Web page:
“‘The term is over . . . The dream is ended: this is the morning.’ And as He spoke He no longer looked to them like a lion; but the things that began to happen after that were so great and beautiful that I cannot write them.
And for us this is the end of all stories, and we can most truly say they all lived happily ever after. But for them it was only the beginning of the real story.
All their life in this world and all their adventures in Narnia had only been the cover and the title page: now at last they were beginning Chapter One of the Great Story which no one on earth has read: which goes on for ever: in which every chapter is better than the one before.”
– The Silver Chair, C.S. Lewis
The year 2009 is before us. The coming chapters of time are the real story. Futures, dreams unfulfilled yet possible – time untouched. Waiting.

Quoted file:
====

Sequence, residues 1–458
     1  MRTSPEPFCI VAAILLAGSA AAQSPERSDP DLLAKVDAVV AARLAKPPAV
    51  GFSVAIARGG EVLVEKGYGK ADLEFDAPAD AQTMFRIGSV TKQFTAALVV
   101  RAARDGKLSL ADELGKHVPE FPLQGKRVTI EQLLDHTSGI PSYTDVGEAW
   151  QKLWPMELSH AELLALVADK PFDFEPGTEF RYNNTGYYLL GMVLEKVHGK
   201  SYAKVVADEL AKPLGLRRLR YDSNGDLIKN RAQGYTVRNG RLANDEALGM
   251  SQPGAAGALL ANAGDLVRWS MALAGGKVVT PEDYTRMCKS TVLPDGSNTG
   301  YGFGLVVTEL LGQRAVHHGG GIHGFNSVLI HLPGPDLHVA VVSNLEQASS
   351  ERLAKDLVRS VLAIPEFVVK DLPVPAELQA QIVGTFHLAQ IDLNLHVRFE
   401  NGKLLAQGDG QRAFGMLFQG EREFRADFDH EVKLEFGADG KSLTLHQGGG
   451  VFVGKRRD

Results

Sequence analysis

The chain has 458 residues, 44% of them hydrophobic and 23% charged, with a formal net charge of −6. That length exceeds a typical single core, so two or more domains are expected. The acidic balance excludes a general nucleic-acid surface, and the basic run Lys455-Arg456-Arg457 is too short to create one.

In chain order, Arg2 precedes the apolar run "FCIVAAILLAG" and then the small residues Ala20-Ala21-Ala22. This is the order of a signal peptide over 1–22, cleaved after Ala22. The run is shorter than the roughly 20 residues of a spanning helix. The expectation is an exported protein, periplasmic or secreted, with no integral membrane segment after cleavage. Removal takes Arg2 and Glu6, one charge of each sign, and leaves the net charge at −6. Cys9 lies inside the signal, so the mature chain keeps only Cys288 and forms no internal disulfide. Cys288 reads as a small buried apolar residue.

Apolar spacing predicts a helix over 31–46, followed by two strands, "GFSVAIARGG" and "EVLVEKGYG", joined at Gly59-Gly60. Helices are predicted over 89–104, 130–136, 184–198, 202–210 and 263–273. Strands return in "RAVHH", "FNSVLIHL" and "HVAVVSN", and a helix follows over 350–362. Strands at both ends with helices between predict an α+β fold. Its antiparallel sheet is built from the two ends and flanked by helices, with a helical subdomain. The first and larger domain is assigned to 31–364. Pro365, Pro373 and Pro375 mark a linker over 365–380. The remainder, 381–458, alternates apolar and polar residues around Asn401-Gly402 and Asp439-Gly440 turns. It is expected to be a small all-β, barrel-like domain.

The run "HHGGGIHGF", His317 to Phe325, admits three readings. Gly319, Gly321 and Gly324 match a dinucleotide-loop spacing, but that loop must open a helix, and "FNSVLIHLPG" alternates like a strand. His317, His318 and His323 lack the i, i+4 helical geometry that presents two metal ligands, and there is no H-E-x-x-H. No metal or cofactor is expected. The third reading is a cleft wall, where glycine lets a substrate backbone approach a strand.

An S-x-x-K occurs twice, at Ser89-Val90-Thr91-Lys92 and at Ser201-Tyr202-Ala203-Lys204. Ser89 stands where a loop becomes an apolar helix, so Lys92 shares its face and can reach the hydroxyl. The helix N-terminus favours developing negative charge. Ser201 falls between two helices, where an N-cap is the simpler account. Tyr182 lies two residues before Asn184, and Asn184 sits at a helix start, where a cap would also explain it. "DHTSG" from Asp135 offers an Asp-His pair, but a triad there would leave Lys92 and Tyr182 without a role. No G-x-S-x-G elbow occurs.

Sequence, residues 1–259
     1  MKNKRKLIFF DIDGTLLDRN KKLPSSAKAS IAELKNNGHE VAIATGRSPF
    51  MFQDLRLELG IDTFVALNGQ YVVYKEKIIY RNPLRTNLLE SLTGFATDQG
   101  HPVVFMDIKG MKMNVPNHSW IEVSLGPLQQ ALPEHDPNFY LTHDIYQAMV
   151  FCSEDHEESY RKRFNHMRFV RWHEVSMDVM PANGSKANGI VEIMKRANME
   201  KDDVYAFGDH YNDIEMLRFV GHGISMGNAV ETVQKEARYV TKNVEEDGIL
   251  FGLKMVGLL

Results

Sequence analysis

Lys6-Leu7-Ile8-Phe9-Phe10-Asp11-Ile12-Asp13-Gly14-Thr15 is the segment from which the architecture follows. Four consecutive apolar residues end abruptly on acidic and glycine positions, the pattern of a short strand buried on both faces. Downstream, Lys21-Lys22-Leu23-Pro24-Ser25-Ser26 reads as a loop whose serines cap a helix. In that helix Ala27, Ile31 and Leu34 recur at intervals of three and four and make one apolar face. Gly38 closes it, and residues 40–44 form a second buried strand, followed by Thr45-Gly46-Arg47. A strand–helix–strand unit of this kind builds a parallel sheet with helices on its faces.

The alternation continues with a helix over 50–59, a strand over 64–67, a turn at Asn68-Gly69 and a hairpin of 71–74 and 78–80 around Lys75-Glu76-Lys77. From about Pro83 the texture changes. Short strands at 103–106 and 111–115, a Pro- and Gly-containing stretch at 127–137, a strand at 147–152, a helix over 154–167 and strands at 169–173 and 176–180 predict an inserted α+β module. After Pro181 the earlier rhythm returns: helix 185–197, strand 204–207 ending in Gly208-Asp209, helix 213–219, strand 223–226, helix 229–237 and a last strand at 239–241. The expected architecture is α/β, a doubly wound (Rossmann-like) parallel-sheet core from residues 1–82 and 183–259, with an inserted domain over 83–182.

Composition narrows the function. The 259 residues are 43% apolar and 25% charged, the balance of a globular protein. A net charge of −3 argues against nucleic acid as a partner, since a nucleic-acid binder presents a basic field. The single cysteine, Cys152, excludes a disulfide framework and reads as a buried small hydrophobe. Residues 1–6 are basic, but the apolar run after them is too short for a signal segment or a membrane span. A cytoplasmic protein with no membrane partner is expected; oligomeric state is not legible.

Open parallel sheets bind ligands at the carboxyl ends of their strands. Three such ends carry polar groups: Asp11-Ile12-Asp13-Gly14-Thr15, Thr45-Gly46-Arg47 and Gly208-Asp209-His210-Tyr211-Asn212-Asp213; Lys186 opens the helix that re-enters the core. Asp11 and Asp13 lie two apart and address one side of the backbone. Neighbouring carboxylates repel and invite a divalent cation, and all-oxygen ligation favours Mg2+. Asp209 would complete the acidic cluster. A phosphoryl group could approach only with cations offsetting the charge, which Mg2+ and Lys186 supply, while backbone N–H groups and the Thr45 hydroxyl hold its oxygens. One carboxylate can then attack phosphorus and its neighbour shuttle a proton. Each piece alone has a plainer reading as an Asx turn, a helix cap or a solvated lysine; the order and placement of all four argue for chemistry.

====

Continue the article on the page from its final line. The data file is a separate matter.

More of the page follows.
Beginnings of the story are unfolding. Everything before is only the cover and title page.
Turn the page.
I’ve read Lewis’s “The Silver Chair” dozens of times – the message of hope, of mercy, of justice, of eternity, of death and of excruciating joy – the truth of the fantasy grabs me.
Excruciating joy – joy that is so full it cannot be bodily contained. I believe this is part of the reason our bodies cannot last and the reason our souls live beyond this life. The flesh is limiting. Dreams, true reality – are infinite, limitless.
There are endless chapters ahead for all. They will come and they will be more precious than gold.
Like everyone, my life has been full of many loved ones who now are gone. The sadness of missing souls is emptiness. Filling that void with memory of purpose helps turn the page – turns pages of a story’s end into pages of a new story, a better story, the best story. An endless story.
Those I remember are both grandmas (Mom’s mother and Dad’s mother – they were best friends), Papa (Dad’s dad), a sister I never knew who lived a few days, a grandfather I never knew who had a tractor accident before I was born, and a cousin who made it to the big leagues – made his dreams come true, then was lost. The tragedy of loss can be consuming, but lost lives mean something. Their meaning is what makes tragedy beautiful.
Mom’s mother taught me independence and love. She worked harder than anyone I knew and she loved every living soul – more importantly, every living soul who knew her loved her.